There isn’t, I don’t believe, any doubt among Cubs fans as to who the greatest Cubs player of all time is.
It’s obviously Ernie Banks — he even bears the honorary title “Mr. Cub.” Even if you never saw him play in person, or if you’re too young to have watched him live on TV, that ramrod-straight bat in his batting stance pictured above is something all Cubs fans know.
Ernie’s 512 home runs are a number seared into the memories of Cubs fans, even though that’s no longer the franchise record. That’s 545, held by Sammy Sosa.
But Ernie’s 512 homers were hit in a lower-offense era than the steroid-fueled times Sammy played in, and that’s part of what I want to take a close look at here.
In many ways, Banks was the prototype of today’s power-hitting middle infielder. When Ernie debuted, middle infielders were expected to produce great defense. If they hit, so much the better, but some didn’t. Even Don Kessinger and Glenn Beckert, All-Stars for many years as the Cubs’ shortstop and second baseman, weren’t great hitters, and many of that time were far worse.
But Banks, installed as the Cubs shortstop in 1954, hit and hit for power immediately. He hit 19 home runs his rookie year, finishing second to Wally Moon for NL Rookie of the Year.
Then the power really took off. He hit 40 or more home runs five of six seasons from 1955-60. His contemporaries Hank Aaron and Willie Mays, both of whom hit far more homers than Ernie, never did that. It would have been six straight years, but in 1956 Banks missed time with a hand infection, which broke a consecutive-game streak of 424 games. He hit “just” 28 home runs in ‘56.
Ernie’s two MVP seasons — he was the first NL player to win back-to-back MVP’s — are among the greatest years in Cubs history.
1958: .313/.366/.614, 47 HR, 129 RBI, led NL in HR, RBI, SLG, total bases, 8.5 bWAR
1959: .304/.374/.596, 45 HR, 143 RBI, led NL in RBI, 7.8 bWAR
Ernie almost single-handedly kept the Cubs in contention in 1959; as late as July 29 they were 50-49 and only five games out of first place. A poor pitching staff couldn’t hold up and they finished 74-80, in a compressed league that was only 16 games from first to seventh place they finished 13 games out of first. Can you imagine what Chicago would have been like with a Cubs/White Sox World Series in 1959?
Banks’ 1960 season wasn’t quite as good as the previous two, though he did lead the NL in home runs (41) and finished fourth in MVP voting.
Through 1960 — his age-29 season — Banks hit .292/.354/.557 with 269 home runs. Mike Trout is 29 now. He’ll miss some time in 2021 due to injury, but as of now Trout has a lifetime slash line of .305/.419/.583 with 310 home runs — and 1,000 more plate appearances than Banks had at the same age.
Am I saying Banks through age 29 was as good as Trout at 29? Obviously not, Trout’s OBP was far superior, though Banks, like Trout, played plus defense at a premium defensive position. But their power numbers weren’t that different, and remember this: In 1959, only three players had 500 career home runs (Babe Ruth, Jimmie Foxx and Mel Ott) and just three others had 400+, two still active (Ted Williams, Lou Gehrig, Stan Musial).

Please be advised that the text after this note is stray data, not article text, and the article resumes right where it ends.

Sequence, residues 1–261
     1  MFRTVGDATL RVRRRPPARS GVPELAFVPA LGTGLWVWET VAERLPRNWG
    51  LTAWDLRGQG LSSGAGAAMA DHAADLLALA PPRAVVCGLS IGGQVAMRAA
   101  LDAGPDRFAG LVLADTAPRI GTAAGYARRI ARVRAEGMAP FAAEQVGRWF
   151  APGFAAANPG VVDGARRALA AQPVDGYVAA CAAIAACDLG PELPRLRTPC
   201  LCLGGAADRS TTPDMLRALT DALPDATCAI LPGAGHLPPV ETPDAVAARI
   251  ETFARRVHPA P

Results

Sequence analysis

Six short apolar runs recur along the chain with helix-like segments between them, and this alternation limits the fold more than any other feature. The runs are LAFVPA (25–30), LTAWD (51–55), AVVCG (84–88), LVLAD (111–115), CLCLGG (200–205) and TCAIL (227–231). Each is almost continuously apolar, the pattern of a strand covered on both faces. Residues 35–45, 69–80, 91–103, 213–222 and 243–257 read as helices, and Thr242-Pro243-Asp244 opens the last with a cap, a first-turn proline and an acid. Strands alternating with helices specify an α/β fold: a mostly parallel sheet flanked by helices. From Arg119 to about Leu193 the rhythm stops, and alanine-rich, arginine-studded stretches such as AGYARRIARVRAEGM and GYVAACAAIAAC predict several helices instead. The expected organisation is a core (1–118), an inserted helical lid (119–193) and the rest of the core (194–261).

What happened? Injuries. A knee injury, originally suffered by Ernie when he was in the Army, flared up in 1961. He missed some time, his numbers were down, and though he finished the season at shortstop, he also played significant numbers of games in left field and at first base. In Jim Enright’s 1971 book “Mr. Cub,” Ernie was quoted regarding playing left field: “Only a duck out of water could have shared my loneliness in left field.”
By 1962, Banks’ knees were so bad he could no longer play shortstop and was installed as the everyday first baseman. He’d never play another game at shortstop after 1961, and just a handful of games away from first — at third base, one in 1962, eight in 1966.
Beyond his knee injuries, Banks also lost a significant portion of the 1963 season to a case of the mumps — he hit just .227/.292/.403 with 18 home runs that year, his worst in the big leagues. Too bad again, because the Cubs contended through May and June that year and finished 82-80. One can only wonder what a 1959-vintage Banks could have done for them that year, a season where they allowed the second-fewest runs in the NL (578, just 28 more than the pennant-winning Dodgers), but scored only 570, just seventh-best in the 10-team league.
Ernie Banks was simply not the same hitter the second half of his career. After 1960 he hit .260/.310/.454 with 243 home runs, a significant downgrade, in 1,000 more PA (5,763) than he’d had previously (4,633). If Banks had homered at the same pace he’d set through his age-29 season for the rest of his career, he’d have wound up with about 335 more homers, or 604 for his career.
At the time Ernie retired, his 512 home runs (which should have been 513) ranked tied for eighth in MLB history with his contemporary Eddie Mathews. 604 would have put him fourth, ahead of Williams, Foxx and Mickey Mantle. Banks likely would have been hailed as a “first-tier” Hall of Famer, spoken of in the same breaths as the men above. It’s not that Ernie didn’t have a great career; certainly, he did, and he was elected to the Hall in Cooperstown in his first year of eligibility (1977) with 83.8 percent of the vote. Here’s his induction speech, if you haven’t previously seen it:
I was lucky enough to see Ernie play on TV for the last half of his career and to see him play in person a handful of times before he retired. But what I got was the second part of a career, a part that wasn’t nearly as good as the first half. As wonderful a player as Ernie Banks was, absolutely the greatest Cub of all time, injuries prevented him from being even greater.